Facebook has been grappling with how to police hate speech on the social network and the tech firm admits it doesn’t always get it right.
Ijeoma Oluo, a black activist and writer in Seattle, tweeted this week that Facebook apologized to her after the tech firm suspended her account for several days. Oluo was posting screenshots of racist comments and violent threats she received in response to a joke she made on Twitter.
The apology came after Oluo wrote a blog post on Medium titled “Facebook’s Complicity in the Silencing of Black Women.”
We discussed the specific issues around reporting & support I faced & they say they are committed to making changes. I hope that's true.
— Ijeoma Oluo (@IjeomaOluo) August 3, 2017
While on a road trip with her kids, Oluo decided to stop by Cracker Barrel, which paid millions of dollars to settle lawsuits that accused the restaurant chain of discriminating against black customers and employees.
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Feeling nervous, Oluo wrote in the blog post that she decided to make a joke on Twitter.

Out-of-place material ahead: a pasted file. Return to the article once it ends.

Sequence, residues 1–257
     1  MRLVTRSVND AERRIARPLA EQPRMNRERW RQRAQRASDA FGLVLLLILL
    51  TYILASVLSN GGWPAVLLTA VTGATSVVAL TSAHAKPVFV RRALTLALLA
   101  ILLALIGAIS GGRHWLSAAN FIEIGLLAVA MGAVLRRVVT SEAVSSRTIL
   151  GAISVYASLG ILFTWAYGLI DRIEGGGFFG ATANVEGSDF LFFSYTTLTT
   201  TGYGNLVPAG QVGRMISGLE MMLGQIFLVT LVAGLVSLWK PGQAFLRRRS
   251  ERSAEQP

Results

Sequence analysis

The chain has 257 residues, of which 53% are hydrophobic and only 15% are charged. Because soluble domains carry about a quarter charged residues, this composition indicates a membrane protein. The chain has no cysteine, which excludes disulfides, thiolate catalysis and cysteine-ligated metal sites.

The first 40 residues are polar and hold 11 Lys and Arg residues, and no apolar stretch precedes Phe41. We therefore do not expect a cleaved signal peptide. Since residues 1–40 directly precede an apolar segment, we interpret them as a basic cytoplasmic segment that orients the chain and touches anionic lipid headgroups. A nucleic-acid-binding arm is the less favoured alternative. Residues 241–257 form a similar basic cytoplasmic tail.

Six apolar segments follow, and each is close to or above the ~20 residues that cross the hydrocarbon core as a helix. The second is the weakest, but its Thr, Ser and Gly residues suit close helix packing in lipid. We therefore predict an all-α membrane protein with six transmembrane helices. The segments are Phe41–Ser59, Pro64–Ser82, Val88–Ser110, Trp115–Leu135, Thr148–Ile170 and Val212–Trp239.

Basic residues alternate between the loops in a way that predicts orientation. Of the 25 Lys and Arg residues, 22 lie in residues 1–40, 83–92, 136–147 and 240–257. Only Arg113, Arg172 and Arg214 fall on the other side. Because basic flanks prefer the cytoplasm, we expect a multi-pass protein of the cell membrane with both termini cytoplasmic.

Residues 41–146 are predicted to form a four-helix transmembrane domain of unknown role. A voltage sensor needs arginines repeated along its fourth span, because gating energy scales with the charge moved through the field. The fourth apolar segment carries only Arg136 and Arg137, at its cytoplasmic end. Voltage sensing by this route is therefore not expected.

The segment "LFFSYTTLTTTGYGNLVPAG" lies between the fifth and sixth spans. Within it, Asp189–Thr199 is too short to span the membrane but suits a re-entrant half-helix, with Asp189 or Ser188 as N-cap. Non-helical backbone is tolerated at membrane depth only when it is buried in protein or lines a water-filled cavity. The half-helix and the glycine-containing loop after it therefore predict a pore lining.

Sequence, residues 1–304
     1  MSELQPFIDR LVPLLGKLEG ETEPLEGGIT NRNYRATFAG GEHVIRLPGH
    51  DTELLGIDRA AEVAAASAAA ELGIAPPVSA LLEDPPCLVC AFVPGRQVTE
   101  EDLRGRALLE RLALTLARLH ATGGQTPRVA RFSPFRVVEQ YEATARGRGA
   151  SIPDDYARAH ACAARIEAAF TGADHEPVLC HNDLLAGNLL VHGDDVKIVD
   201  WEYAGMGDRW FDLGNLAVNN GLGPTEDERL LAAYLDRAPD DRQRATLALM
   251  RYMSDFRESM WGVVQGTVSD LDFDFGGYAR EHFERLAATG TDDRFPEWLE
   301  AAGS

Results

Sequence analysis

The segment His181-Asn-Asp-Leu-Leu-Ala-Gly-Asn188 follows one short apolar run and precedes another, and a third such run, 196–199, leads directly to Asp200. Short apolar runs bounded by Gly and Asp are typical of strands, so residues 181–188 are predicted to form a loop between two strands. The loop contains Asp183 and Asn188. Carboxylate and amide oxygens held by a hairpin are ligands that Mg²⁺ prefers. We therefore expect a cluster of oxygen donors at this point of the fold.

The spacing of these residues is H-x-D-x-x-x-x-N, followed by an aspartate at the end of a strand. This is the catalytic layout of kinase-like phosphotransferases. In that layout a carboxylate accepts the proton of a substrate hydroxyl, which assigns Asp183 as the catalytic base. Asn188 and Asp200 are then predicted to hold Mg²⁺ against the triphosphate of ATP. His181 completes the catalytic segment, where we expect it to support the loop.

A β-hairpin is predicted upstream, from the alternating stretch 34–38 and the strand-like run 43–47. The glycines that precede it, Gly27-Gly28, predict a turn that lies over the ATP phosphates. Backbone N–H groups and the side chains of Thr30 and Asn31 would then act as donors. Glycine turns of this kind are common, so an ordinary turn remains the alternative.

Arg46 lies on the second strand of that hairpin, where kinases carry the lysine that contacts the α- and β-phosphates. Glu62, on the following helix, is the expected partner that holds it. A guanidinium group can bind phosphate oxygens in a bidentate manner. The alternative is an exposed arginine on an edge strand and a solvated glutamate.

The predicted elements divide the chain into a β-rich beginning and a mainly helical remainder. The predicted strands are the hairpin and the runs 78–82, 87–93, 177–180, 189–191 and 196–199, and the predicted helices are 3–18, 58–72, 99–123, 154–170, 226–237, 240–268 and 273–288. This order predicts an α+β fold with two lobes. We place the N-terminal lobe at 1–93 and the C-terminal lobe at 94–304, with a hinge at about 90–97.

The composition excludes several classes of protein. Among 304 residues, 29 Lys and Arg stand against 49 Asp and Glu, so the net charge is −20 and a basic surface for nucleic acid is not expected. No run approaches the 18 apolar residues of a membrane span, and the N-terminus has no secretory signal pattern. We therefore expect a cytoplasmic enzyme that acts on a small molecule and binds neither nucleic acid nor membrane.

“At Cracker Barrel 4 the 1st time. Looking at the sea of white folk in cowboy hats & wondering ‘will they let my black ass walk out of here?’, ” she tweeted.
Users then accused Oluo of racism and the activist started receiving death threats and racial slurs on social media. While Twitter responded to her reports of abuse, Oluo said Facebook wasn’t helpful and took down her account after she posted screenshots of the hurtful comments.
“This isn’t okay. I shouldn’t have to leave facebook in order to escape racist hate. I shouldn’t have to be silent in the face of racist hate in order to be able to stay on the platform,” she wrote.
Minorities and activists, including in the Bay Area, have criticized the social media giant before for censoring them when they call out racism.
And this is not the first time Facebook, which has 2 billion users, has acknowledged it made an error.
Facebook mistakenly pulled down a post by Black Lives Matter activist Shaun King last year after he uploaded screenshot of a racist message he received.
“Our mistakes have caused a great deal of concern in a number of communities, including among groups who feel we act — or fail to act — out of bias,” wrote Richard Allen, Facebook’s vice president for public policy EMEA in a post about how the tech firm handles hate speech. “We are deeply committed to addressing and confronting bias anywhere it may exist. At the same time, we work to fix our mistakes quickly when they happen.”
Photo Credit: KAREN BLEIER/AFP/Getty Images